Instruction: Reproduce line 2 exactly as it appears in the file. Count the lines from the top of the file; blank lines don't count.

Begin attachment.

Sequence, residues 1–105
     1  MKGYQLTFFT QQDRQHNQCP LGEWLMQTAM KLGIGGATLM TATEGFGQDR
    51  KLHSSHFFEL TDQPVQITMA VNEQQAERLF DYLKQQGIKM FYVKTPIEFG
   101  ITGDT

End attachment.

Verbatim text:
     1  MKGYQLTFFT QQDRQHNQCP LGEWLMQTAM KLGIGGATLM TATEGFGQDR